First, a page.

Coldplay’s first single, “Yellow”, bugged me the first time I heard it. Then I heard it (approximately) 129,000 more times, and it really, REALLY bugged me. Consequently, I pretty much wrote off the band for quite a long while.

Over time I’ve warmed to Coldplay, based on a few different things, including “Every Teardrop Is A Waterfall”, “Fix You”, and Willie Nelson’s cover of “The Scientist.” So I decided to give one of their albums a chance, and fairly arbitrarily settled on this one. After a number of listens, I have a conclusion, and the conclusion is this: Coldplay is basically a bargain-price U2, if U2 was driven by piano instead of guitar, and concerned more with relationships than with the world.

Note that I mean this as neither praise nor blame, completely. I don’t think the two bands are in the same tier (which is why I say “bargain-price”), but there’s a musical comparison there. They share a penchant for the grand, the sweeping, the magnificent. They both have charismatic frontmen, a spiritual side, layered and effects-laden production. And A Rush Of Blood To The Head is not exactly Coldplay’s War, but it may be its October, which is to say that it contains several very strong tracks, and the rest of it gives the impression of a band on the verge of becoming the best version of itself.

Album art from A Rush Of Blood To The Head

Among the strong tracks: “Clocks”, which deservedly won the Record Of The Year Grammy in 2004 (two years after U2 snagged it twice in a row.) The song has a great melody, a super-hooky piano riff, and poetic lyrics that evoke desperation, confusion, and just a hint of salvation. There’s the aforementioned “The Scientist”, which the comic book geek in me has decided must be Reed Richards’ theme song. There’s the deep regret, the sudden understanding that he’s been neglectful, and most of all the painful contrast of intellect and emotion, of someone so skilled at pulling apart mental puzzles, but so poor at understanding other people. Underneath it all is a deep love and commitment, which we’re never quite sure will be enough.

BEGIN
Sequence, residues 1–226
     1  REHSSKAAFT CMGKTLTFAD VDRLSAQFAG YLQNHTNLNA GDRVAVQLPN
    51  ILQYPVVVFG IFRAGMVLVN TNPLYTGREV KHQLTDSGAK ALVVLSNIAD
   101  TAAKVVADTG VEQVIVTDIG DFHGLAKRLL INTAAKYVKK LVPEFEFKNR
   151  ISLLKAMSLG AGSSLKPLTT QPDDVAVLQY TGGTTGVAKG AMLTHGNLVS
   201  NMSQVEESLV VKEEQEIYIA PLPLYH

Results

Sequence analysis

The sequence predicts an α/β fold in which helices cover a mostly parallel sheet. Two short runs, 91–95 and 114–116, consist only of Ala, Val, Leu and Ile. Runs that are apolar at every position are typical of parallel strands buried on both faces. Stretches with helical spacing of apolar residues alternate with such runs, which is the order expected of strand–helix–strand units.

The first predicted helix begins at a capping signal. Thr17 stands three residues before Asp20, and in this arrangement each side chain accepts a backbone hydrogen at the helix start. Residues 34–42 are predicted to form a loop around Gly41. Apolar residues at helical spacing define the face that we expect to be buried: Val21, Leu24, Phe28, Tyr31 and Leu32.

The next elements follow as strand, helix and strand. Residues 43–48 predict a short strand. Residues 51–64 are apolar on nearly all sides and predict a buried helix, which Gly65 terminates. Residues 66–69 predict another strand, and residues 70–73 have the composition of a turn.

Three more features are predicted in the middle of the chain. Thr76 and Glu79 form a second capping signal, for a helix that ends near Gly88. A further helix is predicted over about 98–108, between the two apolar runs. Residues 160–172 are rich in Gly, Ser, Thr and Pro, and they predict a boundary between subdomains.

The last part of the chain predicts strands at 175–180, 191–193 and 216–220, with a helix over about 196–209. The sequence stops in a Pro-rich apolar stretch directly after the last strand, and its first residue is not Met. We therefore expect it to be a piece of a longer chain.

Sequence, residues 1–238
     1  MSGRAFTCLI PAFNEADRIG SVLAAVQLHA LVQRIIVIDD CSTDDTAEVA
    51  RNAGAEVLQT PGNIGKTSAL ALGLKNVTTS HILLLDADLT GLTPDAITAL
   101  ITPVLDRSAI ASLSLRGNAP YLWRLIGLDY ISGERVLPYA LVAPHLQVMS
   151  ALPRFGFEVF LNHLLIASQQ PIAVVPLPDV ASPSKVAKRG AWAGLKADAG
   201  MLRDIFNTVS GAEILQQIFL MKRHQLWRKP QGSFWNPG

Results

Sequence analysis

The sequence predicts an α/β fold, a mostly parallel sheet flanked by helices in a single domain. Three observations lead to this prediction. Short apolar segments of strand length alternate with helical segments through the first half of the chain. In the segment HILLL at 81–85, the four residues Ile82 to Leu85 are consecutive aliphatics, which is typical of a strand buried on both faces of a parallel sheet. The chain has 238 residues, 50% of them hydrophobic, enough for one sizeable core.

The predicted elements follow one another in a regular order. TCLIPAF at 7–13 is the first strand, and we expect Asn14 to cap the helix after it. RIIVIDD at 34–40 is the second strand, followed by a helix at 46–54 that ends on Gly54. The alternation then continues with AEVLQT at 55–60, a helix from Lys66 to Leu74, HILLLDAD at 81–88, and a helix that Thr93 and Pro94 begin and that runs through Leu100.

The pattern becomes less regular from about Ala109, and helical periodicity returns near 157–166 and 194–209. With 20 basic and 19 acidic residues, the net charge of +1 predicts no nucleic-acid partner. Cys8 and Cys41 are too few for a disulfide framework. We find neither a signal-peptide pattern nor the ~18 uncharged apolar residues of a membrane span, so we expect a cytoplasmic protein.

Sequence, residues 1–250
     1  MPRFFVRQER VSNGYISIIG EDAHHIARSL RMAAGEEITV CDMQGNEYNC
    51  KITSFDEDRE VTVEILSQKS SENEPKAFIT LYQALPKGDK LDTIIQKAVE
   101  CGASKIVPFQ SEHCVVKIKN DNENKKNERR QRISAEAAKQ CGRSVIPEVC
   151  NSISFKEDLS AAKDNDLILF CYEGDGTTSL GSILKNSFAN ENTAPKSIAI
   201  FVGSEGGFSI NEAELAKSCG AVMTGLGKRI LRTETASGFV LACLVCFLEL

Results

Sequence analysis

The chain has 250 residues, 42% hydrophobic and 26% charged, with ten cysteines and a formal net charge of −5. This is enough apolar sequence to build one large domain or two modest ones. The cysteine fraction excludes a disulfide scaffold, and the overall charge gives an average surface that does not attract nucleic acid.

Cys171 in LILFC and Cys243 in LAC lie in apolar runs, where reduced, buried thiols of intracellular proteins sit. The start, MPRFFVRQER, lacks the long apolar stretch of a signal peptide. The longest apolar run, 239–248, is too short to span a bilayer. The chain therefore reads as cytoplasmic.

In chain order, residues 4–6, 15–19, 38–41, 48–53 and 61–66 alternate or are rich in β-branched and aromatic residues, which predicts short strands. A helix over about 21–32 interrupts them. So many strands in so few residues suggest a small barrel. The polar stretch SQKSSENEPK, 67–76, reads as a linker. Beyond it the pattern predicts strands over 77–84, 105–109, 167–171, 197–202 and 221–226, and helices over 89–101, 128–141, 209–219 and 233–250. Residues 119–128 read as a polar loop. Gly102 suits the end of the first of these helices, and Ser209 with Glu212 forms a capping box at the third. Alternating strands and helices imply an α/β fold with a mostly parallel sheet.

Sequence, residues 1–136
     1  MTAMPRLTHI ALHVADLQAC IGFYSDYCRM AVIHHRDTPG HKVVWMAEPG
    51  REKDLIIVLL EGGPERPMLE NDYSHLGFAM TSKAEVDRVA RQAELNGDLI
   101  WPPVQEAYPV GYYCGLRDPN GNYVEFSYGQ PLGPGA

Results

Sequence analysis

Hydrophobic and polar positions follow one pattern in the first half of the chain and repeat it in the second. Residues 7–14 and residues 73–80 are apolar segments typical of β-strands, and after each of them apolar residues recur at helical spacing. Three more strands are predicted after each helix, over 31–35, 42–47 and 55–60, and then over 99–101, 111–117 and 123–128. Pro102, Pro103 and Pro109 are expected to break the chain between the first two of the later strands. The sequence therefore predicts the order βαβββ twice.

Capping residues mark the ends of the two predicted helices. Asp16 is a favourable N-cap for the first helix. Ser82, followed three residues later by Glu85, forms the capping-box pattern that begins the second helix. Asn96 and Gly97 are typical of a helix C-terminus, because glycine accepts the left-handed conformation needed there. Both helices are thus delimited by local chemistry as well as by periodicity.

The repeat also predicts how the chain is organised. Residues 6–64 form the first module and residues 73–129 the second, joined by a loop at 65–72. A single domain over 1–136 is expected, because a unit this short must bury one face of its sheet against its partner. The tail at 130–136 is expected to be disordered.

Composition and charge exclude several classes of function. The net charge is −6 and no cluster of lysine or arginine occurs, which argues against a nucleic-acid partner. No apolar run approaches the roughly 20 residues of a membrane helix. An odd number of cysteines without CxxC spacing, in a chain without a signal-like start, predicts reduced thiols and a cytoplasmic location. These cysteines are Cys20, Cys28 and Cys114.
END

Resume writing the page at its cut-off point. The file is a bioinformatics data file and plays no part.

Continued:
“God Put A Smile Upon Your Face” pulls off a neat trick lyrically, taking advantage of a grammatical quirk of the word “put”, and contrasting it with the word “give”. “Give” changes form when shifting from the imperative mood to the simple past tense:

  • Imperative: God give me style and give me grace
  • Past tense: God gave you style and gave you grace

Now here’s “put”

  • Imperative: God put a smile upon my face
  • Past tense: God put a smile upon your face

Because “put” stays put grammatically, the lyrics create a tension around whether the narrator is pleading or simply recounting, creating a feeling of uncertainty and anxiety underscored by the repetition of “your guess is as good as mine.”

Finally, and my favorite, is “Amsterdam”. The whole album is emotional, but this song is at another level. The intro piano is reminiscent of the song “October” itself, in fact, as is the plaintive and searching vocal. But where this song truly excels is in its build from a spare and quiet beginning to a truly sublime and magical climax. Right at 3:57, when the drums kick in, the song just grows wings and takes to the skies. The lyrics take on a sense of majesty as it rises above the clouds. “You came along, and you cut me loose.”

Nothing else on the album comes close to those tracks. There’s a nice minor-key feel to “A Whisper”, a sinister sense in “A Rush Of Blood To The Head”, and a catchy tune on “In My Place.” But all of it has a sense of promise of what’s to come.

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